While the world is still in the throes of a pandemic with many countries still in lockdown or self-isolating, the United States are one of several countries beginning to ease restrictions and let some non-essential businesses reopen. Yet, there’s no official word as to how bars, restaurants, and large scale entertainment events are going to be handled at this point. In the U.S. the decisions have been handed down to the local state governors to make decisions, and Texas was one of the first states to jump aboard with resuming operations.

As well, with many worldwide Pride events being held during the month of June, most have decided to cancel or postpone the festivities, and are joining a growing list of Global Pride, happening on June 27, 2020. It’s gaining so much momentum that even Time Magazine wrote a piece on it.

Houston was one of the last cities to actually change their dates, which as of the beginning of May was still ago for their 11th annual 2020 Pride Houston festival scheduled to take place on the weekend of June 27th.  However, they have now officially issued a statement stating it’s been posponed until fall. Check their official Facebook page for the latest news. This year’s theme is #Divercity, and admittance to both the festival and parade is free, however there are always plenty of parties throughout the city that may require tickets.

Prior to the last minute postponement, the organization provided the following statement with regard to their event. “We are closely monitoring the situation and complying with all city, county, state and federal guidelines. Our team meets regularly and is discussing any updates to this pandemic and how it will affect our work. Our NUMBER ONE priority is the safety and health of all of our patrons so we plan to reassess our situation in the coming weeks as we wait for new data and instruction from our elected abd health officials.” As of now, no set date in the fall has been announced.

There is a common misconception that Texas has more conservative views, however Houston itself is quite liberal, and even voted in a lesbian Mayor. Their tourism bureau, Visit Houston, is also very active and welcoming with a level of dedication toward the LGBTQ traveller that goes far beyond the Pride festival itself. They even have a dedicated LGBTQ site, My Gay Houston,that was created 10 years ago.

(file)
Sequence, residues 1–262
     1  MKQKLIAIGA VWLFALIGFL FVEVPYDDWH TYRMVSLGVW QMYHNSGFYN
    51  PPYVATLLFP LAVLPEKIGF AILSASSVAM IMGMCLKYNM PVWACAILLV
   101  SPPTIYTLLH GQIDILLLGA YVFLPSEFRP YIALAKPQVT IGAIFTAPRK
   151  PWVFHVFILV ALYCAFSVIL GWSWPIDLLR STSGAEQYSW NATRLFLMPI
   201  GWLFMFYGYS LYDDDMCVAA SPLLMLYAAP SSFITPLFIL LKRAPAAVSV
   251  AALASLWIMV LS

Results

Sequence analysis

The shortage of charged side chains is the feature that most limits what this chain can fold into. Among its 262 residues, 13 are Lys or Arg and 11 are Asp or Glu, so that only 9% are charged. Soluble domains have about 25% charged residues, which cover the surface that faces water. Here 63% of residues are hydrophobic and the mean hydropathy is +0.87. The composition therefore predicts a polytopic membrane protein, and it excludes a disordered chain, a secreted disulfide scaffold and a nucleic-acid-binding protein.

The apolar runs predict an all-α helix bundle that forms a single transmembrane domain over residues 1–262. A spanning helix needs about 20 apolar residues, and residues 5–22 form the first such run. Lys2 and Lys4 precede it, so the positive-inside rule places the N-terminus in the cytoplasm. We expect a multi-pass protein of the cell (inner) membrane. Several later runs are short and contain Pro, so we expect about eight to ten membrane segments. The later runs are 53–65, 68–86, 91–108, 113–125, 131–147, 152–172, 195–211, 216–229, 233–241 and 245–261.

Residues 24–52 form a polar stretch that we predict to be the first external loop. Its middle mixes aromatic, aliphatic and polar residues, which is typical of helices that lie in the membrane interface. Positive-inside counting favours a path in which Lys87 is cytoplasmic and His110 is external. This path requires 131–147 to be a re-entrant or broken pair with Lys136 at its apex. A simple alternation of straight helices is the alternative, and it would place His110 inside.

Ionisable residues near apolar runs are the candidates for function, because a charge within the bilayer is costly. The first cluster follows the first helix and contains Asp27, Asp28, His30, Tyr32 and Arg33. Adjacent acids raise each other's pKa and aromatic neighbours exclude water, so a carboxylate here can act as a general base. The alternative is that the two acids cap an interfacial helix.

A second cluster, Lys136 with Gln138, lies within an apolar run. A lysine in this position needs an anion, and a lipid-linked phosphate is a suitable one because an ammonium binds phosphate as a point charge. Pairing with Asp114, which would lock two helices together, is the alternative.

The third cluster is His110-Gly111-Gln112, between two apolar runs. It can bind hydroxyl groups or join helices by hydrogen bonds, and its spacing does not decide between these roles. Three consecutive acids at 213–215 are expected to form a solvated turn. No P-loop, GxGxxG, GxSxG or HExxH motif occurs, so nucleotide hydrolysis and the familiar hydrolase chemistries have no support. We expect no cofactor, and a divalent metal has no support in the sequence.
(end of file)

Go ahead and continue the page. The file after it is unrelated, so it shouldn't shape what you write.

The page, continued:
As a cosmopolitan city that blends Western, Southern and international heritage and style, Houston defies the Texas norm. Houston has been one of America’s great boomtowns of the past decade, creating a cultural hub for the largest LGBTQ community in Texas.

Houston’s distinctive neighborhoods, including queer-friendly Montrose and up-and-coming Midtown, have seen big changes for the better, helping turn the nation’s fourth-largest city into a lively and downright stylish getaway.

Some cool facts about Houston’s LGBTQ community:

  • First major city with an LGBTQ Mayor (2 terms)
  • One of the largest Pride events in the South
  • Montrose is one of the most recognizable historically LGBTQ districts in the country alongside Chelsea in NYC and the Castro in San Francisco
  • Visit Houston is the first CVB in Texas to have a freestanding LGBTQ site, My Gay Houston
  • Incredible arts and theatre scene speaks to what many LGBTQ travellers are looking for

So time will tell whether Pride Houston will actually take place this year, and if it does, how different will it be from previous years, and what will attendance be like? Will it be mostly the locals who join the celebrations if travel restrictions are not fully lifted by then? Or will they become yet another Pride celebration having to join Global Pride digitally this year.

Either way, Houston is a great city to visit, and if you don’t make it down for Pride this year, there’s always next year, or any other time of the year once we all begin travelling again!

About the Author

Bryen Dunn is a freelance journalist based in Toronto with a focus on tourism, lifestyle, entertainment and community issues. He has written several travel articles and has an extensive portfolio of celebrity interviews with musicians, actors and other public personalities. He’s willing to take on any assignments of interest, attend parties with free booze, listen to rants, and travel the world in search of the great unknown. He’s eager to discover the new, remember the past, and look into the future.